A lot of gardeners get quite upset if their clematis dies of clematis wilt but did you know the majority of the plants don’t suffer from this problem? It’s only the Jackman group and the Jackman hybrids which are badly affected. The other types are not susceptible.
Everyone has a place for a clematis. It can even be grown with other plants in a deep tub. They all love being able to climb up into the sunshine and they must all enjoy their roots being in the shade so that the roots can always find water and nutrients.
To be honest, the most likely reason to lose a clematis is lack of a thorough drink. They adore water all spring and summer but must have well-drained soil in winter. If it was possible to plant half their roots in a pond and the other half in nice well-drained chalky soil, you would have found heaven for clematis.
There are some which are evergreen varieties too. They don’t have massive flowers but look attractive all winter so look out for Clematis Armandii, with it’s lovely small, white flower clusters in April and May, or the fern leafed clematis, Clematis Balearica, which has ivory white flowers during the late winter set off by bronzed foliage. One of my favourite deciduous types is Ernest Markham, which has dusky red flowers more than five inches across and flowers in June then from August until October and is one of the most reliable ones for anyone who finds these gems difficult to grow.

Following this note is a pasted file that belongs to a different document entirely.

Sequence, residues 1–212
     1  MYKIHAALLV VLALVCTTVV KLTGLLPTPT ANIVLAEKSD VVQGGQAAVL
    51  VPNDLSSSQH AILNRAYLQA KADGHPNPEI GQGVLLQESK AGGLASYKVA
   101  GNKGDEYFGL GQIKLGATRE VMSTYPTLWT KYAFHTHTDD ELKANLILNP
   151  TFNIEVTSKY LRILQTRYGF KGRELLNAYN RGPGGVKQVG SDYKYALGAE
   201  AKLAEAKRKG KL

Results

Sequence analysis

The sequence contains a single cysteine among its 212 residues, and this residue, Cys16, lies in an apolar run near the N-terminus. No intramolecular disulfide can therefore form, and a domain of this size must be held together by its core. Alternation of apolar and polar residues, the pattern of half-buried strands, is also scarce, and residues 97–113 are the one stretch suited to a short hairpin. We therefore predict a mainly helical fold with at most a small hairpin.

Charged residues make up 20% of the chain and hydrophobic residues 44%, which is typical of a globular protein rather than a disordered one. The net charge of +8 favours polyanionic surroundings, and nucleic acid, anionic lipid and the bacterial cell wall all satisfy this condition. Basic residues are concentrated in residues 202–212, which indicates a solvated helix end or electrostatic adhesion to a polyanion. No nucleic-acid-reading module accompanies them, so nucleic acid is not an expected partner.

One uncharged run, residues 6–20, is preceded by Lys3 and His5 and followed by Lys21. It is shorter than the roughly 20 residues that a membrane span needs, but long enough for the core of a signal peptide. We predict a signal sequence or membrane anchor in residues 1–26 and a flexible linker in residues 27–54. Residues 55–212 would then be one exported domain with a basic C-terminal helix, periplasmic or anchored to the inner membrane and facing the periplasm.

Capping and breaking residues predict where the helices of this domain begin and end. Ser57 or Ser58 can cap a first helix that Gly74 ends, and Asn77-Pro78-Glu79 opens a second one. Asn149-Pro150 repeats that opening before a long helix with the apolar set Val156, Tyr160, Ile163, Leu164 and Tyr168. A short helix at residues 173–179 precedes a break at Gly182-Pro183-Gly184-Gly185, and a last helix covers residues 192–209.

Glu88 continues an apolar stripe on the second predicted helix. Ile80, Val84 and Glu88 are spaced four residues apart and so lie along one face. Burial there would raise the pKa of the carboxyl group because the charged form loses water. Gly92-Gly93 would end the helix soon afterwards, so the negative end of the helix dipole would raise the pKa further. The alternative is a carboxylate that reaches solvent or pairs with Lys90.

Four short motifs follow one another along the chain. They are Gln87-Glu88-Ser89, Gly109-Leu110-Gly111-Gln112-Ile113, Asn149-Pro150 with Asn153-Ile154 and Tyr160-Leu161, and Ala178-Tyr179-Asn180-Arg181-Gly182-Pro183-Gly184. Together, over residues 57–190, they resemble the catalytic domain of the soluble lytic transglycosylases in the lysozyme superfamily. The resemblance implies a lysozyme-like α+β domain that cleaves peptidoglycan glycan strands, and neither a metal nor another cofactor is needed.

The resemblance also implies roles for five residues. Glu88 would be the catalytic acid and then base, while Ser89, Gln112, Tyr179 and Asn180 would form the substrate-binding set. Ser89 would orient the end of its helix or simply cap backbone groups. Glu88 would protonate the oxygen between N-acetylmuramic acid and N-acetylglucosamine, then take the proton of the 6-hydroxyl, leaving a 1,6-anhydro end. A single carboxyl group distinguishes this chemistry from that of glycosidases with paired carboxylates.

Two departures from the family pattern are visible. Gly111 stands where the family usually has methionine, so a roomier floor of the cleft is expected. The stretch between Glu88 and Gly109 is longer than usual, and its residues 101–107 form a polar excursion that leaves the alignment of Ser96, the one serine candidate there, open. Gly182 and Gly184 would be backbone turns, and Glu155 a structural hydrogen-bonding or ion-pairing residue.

Another one which is easy to grow is Clematis Viticella ‘Etoile Violette’. This is superb growing up a pergola pole or on a square trellis, rather than up a wall. The reason for this is that the leaf shapes are very narrow and catch the sunlight and breeze in a spectacular way.
If you would really like to spend days hunting around for one which no-one else seems to have, then look out for Clematis Orientalis ‘Orange Peel’. The foliage is a grey green but the blooms on all the genus are just like orange peel, cut into four.
If you have the problem of having to cover something awful in the garden, don’t forget the Clematis Montana. It smothers everything in about three years.
When planting all the clematis remember they like a chalky soil and enjoy a deep root run so that they can send deep roots to obtain that water. If the soil in your garden is acid, add a cupful of ground chalk when planting.
They all like to be planted two inches deeper than they were in the pot. This will also help susceptible varieties to combat wilt.
If you should see wilt on susceptible varieties, cut the wilted wood right out straight away, give them two gallons of systemic fungicide diluted in water and in nine cases out of 10, the plant will commence growing again from underneath the soil.